Dan Shaughnessy

Rivers could be going out on top

After six seasons watching over the Celtics, Doc Rivers may opt for a less-stressful life back home in Orlando with his family. After six seasons watching over the Celtics, Doc Rivers may opt for a less-stressful life back home in Orlando with his family. (Bill Greene/Globe Staff)
By Dan Shaughnessy
Globe Staff / June 16, 2010

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LOS ANGELES — Who was the last Boston coach on a better roll than Doc Rivers in the spring of 2010?

We had Red Auerbach winning eight championships in his final eight seasons on the bench, then retiring from coaching at the age of 48 in 1966.

We had Dick Williams taking the Red Sox from ninth place to an American League pennant in a single season in 1967.

We had Bill Belichick spanking the heavily favored St. Louis Rams with one of the great demonstrations of coaching strategy in Super Bowl history.

Now we have Doc taking the Celtics to the brink of a world championship in a season in which his team played .500 ball (27-27) for four months and finished fourth in the Eastern Conference.

The Celtics were playoff underdogs against Cleveland, Orlando, and the Lakers. Boston did not have home-court advantage in any of those series. But the Celtics have managed to win twice in Cleveland, twice in Orlando, and once at Staples Center. Despite last night’s rout in Game 6, they can clinch the franchise’s 18th championship with a win here tomorrow.

There is a strong possibility this might be it for Rivers in Boston. He has coached the Celtics for six seasons and is ready to go home to Orlando to watch his kids play ball. His son, Austin, is one of the best high school basketball players in the country and will be a senior next year. What dad wouldn’t want to be there for that?

When the Celtics hired Rivers, they figured he’d move his family from Orlando to Boston. But just as Auerbach never moved his wife and daughters from Washington (Red lived in the Lenox Hotel for most of his coaching years), Rivers has not uprooted from Orlando. And now it’s probably time to go home.

Wouldn’t you?

Rivers doesn’t need the money. He has been making $5 million per year with the Celtics. He can always get an easy, cheesy TV gig. And when his kids are out of school, he can come back to the NBA as a Big Ticket coach.

Why would any smart coach want to return to the Celtics for the 2010-11 season? You don’t need a degree in hoopology to know that it’s going to go downhill from here. Ray Allen is a free agent. Paul Pierce can walk if he wants. Kevin Garnett has more miles than my 1987 Volvo DL wagon. There’s zero chance of the Celtics getting this far again next year. The notion that you could have a healthy Big Three again next May/June is pure fantasy.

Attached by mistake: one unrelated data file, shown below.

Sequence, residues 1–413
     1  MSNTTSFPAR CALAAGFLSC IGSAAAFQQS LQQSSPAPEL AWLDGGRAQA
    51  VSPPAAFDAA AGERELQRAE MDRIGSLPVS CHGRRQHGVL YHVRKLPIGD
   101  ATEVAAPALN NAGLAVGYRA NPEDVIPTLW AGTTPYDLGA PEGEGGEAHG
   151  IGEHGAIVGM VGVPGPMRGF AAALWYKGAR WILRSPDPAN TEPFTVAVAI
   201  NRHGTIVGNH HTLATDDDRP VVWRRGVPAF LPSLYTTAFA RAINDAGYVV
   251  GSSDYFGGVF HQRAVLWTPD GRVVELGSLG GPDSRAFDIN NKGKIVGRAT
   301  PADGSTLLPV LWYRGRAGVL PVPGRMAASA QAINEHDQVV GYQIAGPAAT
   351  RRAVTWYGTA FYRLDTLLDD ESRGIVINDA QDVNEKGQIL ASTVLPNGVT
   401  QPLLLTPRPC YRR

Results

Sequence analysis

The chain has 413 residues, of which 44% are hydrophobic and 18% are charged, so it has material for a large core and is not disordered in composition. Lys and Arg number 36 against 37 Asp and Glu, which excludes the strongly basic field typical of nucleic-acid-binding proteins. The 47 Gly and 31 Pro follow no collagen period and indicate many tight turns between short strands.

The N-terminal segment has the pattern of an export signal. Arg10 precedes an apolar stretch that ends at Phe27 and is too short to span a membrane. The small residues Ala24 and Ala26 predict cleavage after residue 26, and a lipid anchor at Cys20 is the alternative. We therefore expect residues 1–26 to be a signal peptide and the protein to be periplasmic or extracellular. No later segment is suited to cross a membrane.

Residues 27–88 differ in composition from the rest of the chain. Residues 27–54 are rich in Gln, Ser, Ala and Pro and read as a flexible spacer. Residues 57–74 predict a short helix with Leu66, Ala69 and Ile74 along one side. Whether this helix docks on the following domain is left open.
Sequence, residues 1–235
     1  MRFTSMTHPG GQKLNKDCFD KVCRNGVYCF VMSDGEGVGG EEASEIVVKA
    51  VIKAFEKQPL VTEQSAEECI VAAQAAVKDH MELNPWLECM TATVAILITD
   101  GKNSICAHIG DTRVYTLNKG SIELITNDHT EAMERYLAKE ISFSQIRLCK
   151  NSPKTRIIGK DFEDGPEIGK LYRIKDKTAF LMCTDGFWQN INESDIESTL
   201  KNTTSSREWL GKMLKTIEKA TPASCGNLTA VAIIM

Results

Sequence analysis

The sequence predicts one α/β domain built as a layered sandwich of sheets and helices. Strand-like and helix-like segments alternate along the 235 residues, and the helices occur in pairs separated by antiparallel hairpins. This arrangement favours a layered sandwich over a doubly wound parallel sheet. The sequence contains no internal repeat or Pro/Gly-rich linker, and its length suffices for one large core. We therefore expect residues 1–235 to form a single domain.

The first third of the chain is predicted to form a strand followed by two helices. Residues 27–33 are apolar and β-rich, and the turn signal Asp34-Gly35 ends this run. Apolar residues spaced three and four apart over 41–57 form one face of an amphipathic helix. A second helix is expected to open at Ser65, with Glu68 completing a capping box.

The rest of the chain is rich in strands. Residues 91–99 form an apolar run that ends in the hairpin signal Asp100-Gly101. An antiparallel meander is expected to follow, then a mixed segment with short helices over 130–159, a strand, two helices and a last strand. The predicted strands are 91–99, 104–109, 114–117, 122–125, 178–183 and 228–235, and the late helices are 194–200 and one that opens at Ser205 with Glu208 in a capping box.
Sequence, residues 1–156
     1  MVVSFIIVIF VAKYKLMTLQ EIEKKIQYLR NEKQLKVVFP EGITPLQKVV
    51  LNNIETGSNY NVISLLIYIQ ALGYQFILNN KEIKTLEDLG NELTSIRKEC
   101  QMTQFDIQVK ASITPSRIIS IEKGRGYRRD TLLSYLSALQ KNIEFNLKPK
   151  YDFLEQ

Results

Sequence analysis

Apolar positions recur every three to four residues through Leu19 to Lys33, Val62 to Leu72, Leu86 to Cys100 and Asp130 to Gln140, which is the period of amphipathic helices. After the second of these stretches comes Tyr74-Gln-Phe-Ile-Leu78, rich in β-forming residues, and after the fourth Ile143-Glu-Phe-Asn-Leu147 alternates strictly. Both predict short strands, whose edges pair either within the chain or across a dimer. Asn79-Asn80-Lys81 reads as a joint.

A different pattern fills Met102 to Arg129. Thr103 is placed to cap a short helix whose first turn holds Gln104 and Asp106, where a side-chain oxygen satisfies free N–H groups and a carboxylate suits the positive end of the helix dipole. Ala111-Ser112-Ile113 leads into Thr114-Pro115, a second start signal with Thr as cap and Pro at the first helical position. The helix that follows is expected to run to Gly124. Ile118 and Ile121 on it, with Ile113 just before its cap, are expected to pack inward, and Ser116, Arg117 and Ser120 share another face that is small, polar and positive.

Meanwhile, who wants another year dealing with knucklehead bench men Rasheed Wallace, Big Baby, Tony Allen, and Nate Robinson, and a cast of veteran superstars who often don’t get along (Pierce and Rajon Rondo were going at one another in the middle of the glorious Game 5 victory at the Garden Sunday night)?

If Rivers leaves, he’s certainly going out on top. In retrospect, his plan to take the foot off the accelerator in March and April has worked magically. The Celtics were smart to coast and get healthy. And that was Doc.

He gets bonus points for his manipulation of minutes. A lot of coaches would have given up on Tony Allen, but Rivers knew Allen could be useful against LeBron James and Kobe Bryant. He also knew Allen was the only athlete who could keep up with Rondo from baseline to baseline.

Rivers gave Marquis Daniels multiple opportunities, then sent him to the bench (where he belongs) for the playoffs. Rivers buried Robinson, but kept the little fella motivated, promising him he would win a game for the team in the playoffs. Robinson wound up winning two games.

Rivers is the one who had to cajole and calm Kendrick Perkins and Sheed to keep them from missing a game for picking up a seventh technical foul in the postseason. Rivers is the one who believed in Glen Davis after Baby broke his hand in a fight on the eve of the season. At the end of the year, when it mattered most, Baby had shifts against the Lakers in which he was the best player on the floor.

All in all, it amounts to good coaching. And a very hot hand.

After Game 5, Lakers coach Phil Jackson (10 championship rings) was asked about Rivers and grudgingly said, “I’ll tell you what he’s done well. He’s done well in attacking some of our weaker guys. He’s used his bench exceptionally well. I’ll give him a gold star.’’

Gee, thanks, Phil.

If this is it, Boston is going to miss Doc Rivers.

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